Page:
January 16, 1950, Monday. We’re in an ice age. O be joyful and praise the Lord who sendeth rain instead of snow in winter. It filleth thy well with water (over three feet deep already). It overlayeth the land with ice, so that when thou goest for the water of thy well thou slippeth upon thy nether parts and learn in humility of His mightiness.
Last Friday our icy road made driving an adventure. I could wish for one more guard post on the approach to the new bridge. The car slid down the sloping shoulder of the road till I wondered what could keep it from slipping over the retaining wall into the brook.
Charles Peckham got his last batch of logs sawed into boards and has them piled to season beside his barn in Russell. But every Saturday and Sunday he, with daughter Dorothy, little Charles and the horse, come up to get out more logs.
Uncle Sam and Aunt Florence (Noble) Boyce are going to get a new Plymouth, but not until March 1.
Having rain instead of snow gives me better opportunity to cut brush and firewood. Last Saturday was very mild. When the sun came out in the afternoon I took off my jacket in hope of salvaging some of last summer’s tan.
Saturday night between eight and midnight we got the side sweepings of a northwest gale. The house vibrated. I worried and prayed that the wind would stop. Instead I should have thanked God for giving me a sturdy little building that has stood since 1845. With more faith I might have slept through it. Anyhow, the wind continued, and God took care of us in spite of me. Only one shingle came off the roof, and a coating of dust blew through the cracks in the gable wall of my attic bedroom. The old wind seems to be kicking up again tonight.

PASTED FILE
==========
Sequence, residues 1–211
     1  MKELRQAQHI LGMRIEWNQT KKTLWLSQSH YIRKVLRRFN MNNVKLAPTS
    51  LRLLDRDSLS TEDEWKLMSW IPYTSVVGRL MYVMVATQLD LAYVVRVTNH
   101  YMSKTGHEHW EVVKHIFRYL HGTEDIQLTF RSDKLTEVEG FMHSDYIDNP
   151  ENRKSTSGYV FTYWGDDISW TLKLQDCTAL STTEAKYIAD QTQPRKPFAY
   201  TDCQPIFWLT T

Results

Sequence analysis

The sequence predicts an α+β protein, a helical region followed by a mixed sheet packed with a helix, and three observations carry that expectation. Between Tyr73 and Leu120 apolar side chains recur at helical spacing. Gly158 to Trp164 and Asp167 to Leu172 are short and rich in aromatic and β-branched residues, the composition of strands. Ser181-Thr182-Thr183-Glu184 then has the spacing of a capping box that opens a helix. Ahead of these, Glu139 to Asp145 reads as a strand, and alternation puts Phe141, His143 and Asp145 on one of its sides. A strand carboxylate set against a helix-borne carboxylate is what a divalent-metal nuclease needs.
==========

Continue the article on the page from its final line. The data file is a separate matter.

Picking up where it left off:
January 31, 1950, Tuesday. It snowed so hard that we didn’t go out. Bessie Sibley had given us a new Audubon Bird Guide that cost three dollars. While working in Amherst I saw eight yellow throated vireos in a hedge row. The bird book says they are persistent singers, but these were too busy finding food to even chirp. Probably our mild winter brought them north too early to snow covered New England.
Lil Albrecht told us about free movies presented Saturday evenings at Sage Hall, Smith College. She cautioned us to come early. Hester and I were the third car to arrive and had the choice of the parking lot. Inside we chose the back row, left side, and discovered that Mr. Albrecht and Lil would sit there too. Most of the audience was ancient ladies, probably retired faculty. There were quite a few men and children. Smith students must have sat in the balcony as that was where JoAnn went after coming to speak to her father and mother. She’s in her senior year, and gives her own concert Sunday. A group passed speaking French, and I understood much of what they said. More language practice was coming. The evening’s film was Spanish with Imperio Argentina in “The Ballade of Dolores.”
Last Sunday Mr. Peckham drove up in his Chevrolet to see how many more logs, scattered on the meadow, needed to be hauled to the mill. We determined my east boundary along the top of brook bank from the power line to the bridge. Making a reel for my 100-foot tape with a broomstick spindle, I measured between the points with triangles so that I can calculate the angles.
Outdoor, survey work is healthy. Running lines in the middle of busy highways involves risk, but we don’t take chances. Usually we’re on country roads. Surveys take us all over, and I’m thrilled to travel while other folks are shut up in factories or offices. The trips to Provincetown last November wouldn’t have hap
pened without survey.